Jean-Marc Vallee

FILM REVIEW: “WILD”

‘Wild’

Written by: Nick Hornby, Cheryl Strayed (novel),

Directed by: Jean-Marc Vallee

Starring: Reese Witherspoon, Laura Dern

Story: Haunted by her past drug abuse, tragedy, and infidelity, Cheryl Strayed decides to walk the 1,100 mile Pacific Crest Trail to heal her body, mind and soul.

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Wild is a film that has garnered a lot of attention over recent months, and has been on the campaign trail for some serious awards. Witherspoon missed out on the Golden Globe, but managed to secure herself an Oscar nomination. This makes for an interesting task in reviewing the film.

The story of ‘Wild’ is simple and director Jean-Marc Vallee really could of made either a beautiful or an abysmal film out of it. When you take such a simple story you run the risk of making either a boring film or a film that really tried too hard to be introverted or philosophical. Wild is neither. While it does get off to a relatively slow start, the film provides the perfect amount of philosophy to balance the technical ‘hiking’ aspects of the film.

Strayed, on her journey, faces a number of issues due to both the physically torturous nature of the hike, to struggling to deal with her own prior indiscretions. It would be easy to say that Strayed is not a likeable character, however within her ability to be self deprecating and at the same time inwardly optimistic, we find something undeniably relatable. Anyone who has ever done something that they’re not proud of that really stays with them is going to be able to understand at some level what it is that the protagonist is dealing with.

Witherspoon’s performance is strong, and perhaps the strongest we have seen from her to date: this is a considerable statement since Witherspoon has always been one of the most consistently reliable performers within her genre. Witherspoon gives Strayed a sense of humanity and a genuinely real nature which draws an investment out of the audience. While we can try to be critical of her performance (because this is what we do), there really isn’t much that we can fault.

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Jean-Marc Vallee has constructed a film that is stark: it contrasts so tightly the beauty of nature vs real life in quick cuts between Strayed’s heroin binges and her new life living on bare necessities. This contrast alone adds depth to the film and begs the viewer to notice the differences between fundamental need and desire. Where Cheryl may have made decisions in the past based on desire, as we all do, it was getting back to nature and the essentials of human life that made her human again.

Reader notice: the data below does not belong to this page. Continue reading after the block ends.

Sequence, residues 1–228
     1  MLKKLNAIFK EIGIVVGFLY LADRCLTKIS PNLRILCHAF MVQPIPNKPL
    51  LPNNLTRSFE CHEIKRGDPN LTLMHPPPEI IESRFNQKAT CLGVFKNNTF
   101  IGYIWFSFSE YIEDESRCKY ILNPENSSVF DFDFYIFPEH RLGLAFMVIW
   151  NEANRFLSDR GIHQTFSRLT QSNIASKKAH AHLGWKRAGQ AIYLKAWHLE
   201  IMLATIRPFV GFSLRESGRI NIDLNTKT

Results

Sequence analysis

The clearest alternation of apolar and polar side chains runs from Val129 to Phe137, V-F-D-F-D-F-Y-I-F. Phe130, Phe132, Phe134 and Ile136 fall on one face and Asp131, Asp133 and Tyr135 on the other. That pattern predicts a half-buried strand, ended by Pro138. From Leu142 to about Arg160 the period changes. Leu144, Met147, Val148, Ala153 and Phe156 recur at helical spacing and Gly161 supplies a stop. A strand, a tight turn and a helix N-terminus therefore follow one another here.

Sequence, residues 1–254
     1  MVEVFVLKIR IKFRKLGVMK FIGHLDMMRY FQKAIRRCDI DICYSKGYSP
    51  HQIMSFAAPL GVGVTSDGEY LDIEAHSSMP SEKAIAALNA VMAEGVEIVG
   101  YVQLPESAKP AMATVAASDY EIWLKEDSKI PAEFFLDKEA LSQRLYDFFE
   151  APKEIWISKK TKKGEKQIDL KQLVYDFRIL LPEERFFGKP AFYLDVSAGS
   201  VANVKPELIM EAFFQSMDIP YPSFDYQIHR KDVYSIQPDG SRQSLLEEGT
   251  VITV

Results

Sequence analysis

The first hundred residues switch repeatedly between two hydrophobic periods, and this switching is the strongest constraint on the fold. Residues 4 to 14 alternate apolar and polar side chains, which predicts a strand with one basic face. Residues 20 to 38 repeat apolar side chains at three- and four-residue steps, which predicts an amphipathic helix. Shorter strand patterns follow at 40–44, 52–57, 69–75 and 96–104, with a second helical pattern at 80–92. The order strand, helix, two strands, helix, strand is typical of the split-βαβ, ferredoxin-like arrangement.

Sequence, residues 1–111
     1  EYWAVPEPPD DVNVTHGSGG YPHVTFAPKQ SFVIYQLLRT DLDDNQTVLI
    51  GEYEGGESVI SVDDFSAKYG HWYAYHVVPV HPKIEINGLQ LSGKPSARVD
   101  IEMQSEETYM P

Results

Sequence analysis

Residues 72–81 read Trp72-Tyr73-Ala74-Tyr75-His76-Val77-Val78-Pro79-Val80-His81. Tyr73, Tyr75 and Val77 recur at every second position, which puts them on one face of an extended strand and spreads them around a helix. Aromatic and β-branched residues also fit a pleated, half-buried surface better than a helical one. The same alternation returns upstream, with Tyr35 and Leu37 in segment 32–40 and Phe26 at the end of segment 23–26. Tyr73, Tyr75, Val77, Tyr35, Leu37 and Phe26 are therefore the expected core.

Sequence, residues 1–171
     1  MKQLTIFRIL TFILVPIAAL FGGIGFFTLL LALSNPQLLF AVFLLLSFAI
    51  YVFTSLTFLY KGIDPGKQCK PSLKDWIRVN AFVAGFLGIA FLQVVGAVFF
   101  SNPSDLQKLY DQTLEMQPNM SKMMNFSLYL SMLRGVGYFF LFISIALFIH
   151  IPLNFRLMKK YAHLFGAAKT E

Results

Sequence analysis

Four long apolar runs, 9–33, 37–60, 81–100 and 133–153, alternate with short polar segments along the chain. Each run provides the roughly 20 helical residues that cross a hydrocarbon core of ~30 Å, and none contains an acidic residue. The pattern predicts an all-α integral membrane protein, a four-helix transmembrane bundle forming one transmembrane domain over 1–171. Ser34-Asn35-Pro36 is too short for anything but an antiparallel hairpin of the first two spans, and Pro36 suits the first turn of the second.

Perhaps the most brilliant part of this film is the soundtrack. With artists such as Wings, Simon & Garfunkel, Leonard Cohen, Bruce Springsteen, and Portishead to name a few, the score will bring any music lover to their knees. The songs are all emotional and are tracks that can hold personal interest to viewers, which only opens us up more to relate to the loneliness and isolation of the main character.

All in all, ‘Wild’ is well balanced, patient, and poetic. It really is a film that looks inwards and a film that will touch even the most insensitive soul. We will most definitely watch again.

Rating: 9.5/10

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FILM REVIEW: ‘DALLAS BUYERS CLUB’ (2013

“Dallas Buyers Club”

Written by: Craig Borten and Melisa Wallack

Directed by: Jean-Marc Vallee

Starring: Matthew McConaughey, Jared Leto, Jennifer Garner

Story: In 1985, drug, sex and alcohol addict Ron Woodroof is diagnosed with AIDS and sets out to make medication readily available for those in the same position.

 

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This year’s awards season is jammed packed with films looking at socially and culturally sensitive issues. Where there is ’12 Years A Slave’ giving us an extremely graphic and difficult to watch vision of racism and slavery in the pre-civil war United States, Jean-Marc Vallee gives us ‘Dallas Buyers Club’: an almost punishing look at the treatment of AIDS victims during the epidemic of the 1980s and 90s.